Gerald Hyman served as a USAID officer in South Sudan both pre and post-CPA, and he experienced first-hand the complex politics surrounding the conflict and peace as he worked with the SPLA/M. During the latter part of his tour in the fledgling country, he evaluated the proto-ministries being created. Given his background in the country, what he found made him less than optimistic about the success of an independant South Sudan.
Today, the country is being ripped apart by yet another civil war caused by ethnic tension, poor governance, and political power struggles.The following excerpts are Gerald Hyman’s reflections on the conditions post-CPA that ultimately contributed to South Sudan’s downturn.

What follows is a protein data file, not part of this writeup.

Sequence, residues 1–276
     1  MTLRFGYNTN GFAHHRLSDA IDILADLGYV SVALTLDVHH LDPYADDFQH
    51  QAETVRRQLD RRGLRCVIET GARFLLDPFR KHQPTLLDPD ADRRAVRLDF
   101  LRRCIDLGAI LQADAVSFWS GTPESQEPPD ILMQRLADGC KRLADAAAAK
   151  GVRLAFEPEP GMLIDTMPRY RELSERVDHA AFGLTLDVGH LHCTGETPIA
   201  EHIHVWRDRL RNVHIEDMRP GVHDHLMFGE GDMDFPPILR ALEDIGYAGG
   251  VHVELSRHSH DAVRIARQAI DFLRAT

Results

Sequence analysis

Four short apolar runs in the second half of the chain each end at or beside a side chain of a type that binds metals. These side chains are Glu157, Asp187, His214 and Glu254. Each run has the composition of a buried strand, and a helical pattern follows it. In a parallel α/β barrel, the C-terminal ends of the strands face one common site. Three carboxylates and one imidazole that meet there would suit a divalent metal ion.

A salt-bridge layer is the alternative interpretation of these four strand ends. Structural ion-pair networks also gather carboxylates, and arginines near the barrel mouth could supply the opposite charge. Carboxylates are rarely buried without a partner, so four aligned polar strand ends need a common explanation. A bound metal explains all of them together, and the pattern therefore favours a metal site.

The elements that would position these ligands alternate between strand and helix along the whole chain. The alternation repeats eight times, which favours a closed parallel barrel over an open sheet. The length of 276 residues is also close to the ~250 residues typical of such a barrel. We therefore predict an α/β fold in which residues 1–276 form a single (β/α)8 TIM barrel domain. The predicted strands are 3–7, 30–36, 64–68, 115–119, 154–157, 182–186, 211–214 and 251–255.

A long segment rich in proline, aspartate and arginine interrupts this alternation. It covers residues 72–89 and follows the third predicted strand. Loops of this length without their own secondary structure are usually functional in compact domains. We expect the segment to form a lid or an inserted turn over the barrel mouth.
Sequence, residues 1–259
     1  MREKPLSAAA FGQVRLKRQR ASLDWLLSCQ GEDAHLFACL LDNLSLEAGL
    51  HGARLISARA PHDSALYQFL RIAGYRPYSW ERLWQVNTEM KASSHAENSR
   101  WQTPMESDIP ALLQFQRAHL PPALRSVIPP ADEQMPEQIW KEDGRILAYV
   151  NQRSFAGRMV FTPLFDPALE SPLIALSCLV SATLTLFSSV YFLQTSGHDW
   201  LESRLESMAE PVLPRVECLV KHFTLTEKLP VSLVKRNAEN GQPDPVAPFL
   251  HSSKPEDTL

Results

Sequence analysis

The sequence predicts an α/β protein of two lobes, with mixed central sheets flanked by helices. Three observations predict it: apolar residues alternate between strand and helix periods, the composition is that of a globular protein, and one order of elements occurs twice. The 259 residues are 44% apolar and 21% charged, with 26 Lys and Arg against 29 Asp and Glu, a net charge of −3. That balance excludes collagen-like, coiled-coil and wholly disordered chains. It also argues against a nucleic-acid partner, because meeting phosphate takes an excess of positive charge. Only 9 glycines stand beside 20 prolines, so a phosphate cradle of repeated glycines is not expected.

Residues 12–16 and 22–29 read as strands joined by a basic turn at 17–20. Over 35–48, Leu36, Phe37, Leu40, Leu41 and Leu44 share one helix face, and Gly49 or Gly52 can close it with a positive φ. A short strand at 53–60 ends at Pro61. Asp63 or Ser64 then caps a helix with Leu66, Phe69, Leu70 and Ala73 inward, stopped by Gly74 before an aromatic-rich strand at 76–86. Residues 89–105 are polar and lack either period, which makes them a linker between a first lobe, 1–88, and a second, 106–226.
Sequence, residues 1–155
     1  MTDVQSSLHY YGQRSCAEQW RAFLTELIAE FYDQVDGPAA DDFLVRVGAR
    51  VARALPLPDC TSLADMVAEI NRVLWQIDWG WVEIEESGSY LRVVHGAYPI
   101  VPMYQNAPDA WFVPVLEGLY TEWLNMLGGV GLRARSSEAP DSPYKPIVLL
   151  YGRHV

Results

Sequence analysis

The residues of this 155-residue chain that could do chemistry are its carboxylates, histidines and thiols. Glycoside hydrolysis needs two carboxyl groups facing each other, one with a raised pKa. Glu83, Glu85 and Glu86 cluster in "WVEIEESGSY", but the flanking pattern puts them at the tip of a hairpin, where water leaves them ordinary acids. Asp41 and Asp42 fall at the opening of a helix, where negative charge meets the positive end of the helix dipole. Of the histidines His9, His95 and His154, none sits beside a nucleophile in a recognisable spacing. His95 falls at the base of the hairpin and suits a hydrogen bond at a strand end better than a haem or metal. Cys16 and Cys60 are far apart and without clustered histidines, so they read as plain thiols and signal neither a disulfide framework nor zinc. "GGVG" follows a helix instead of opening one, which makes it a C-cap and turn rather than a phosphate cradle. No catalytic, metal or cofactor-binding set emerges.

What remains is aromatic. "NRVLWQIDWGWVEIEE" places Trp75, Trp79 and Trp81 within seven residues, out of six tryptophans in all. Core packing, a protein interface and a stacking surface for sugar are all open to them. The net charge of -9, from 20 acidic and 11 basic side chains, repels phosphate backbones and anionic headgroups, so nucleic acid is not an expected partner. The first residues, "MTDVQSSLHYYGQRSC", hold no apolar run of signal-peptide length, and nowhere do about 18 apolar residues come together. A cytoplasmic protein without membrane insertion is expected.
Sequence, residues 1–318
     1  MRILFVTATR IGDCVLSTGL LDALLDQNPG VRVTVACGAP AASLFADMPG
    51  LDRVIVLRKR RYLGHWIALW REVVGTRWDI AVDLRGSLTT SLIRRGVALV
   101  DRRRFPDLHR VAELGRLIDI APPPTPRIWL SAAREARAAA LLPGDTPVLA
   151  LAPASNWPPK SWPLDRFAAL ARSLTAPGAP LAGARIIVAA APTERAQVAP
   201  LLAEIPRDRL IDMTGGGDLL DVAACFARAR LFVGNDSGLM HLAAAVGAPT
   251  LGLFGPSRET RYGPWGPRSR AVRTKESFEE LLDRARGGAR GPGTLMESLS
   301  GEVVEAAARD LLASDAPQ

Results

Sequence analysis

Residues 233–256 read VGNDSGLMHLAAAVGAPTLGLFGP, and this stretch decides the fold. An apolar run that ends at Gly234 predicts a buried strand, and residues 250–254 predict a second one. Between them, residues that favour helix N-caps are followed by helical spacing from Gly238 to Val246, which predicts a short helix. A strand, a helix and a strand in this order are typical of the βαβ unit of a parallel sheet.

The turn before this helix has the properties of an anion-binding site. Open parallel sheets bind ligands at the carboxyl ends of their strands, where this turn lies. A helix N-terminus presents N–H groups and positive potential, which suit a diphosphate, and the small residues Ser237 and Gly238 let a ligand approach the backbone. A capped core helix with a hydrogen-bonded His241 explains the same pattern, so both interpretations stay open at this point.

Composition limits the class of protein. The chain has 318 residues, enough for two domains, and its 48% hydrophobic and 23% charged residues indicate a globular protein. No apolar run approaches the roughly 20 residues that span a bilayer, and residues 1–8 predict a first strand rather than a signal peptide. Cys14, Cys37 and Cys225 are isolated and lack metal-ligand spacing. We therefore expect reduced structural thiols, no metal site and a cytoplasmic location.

Gerald Hyman’s interview was conducted by Ann Van Dusen on November 16th, 2016.
Read Gerald Hyman’s full interview HERE.
Drafted by Merrill Rabinovsky
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“I know there obviously were frictions because they appeared ominously afterwards. But they weren’t obvious unless you knew these people a lot better than I did.”
HYMAN: Anyway, so I went back to South Sudan again, more than once, but the second particularly memorable time was after the CPA, the Comprehensive Peace Agreement had been signed.
Q: And date?
HYMAN: You know, 2005 I think.
Q: Yes, maybe.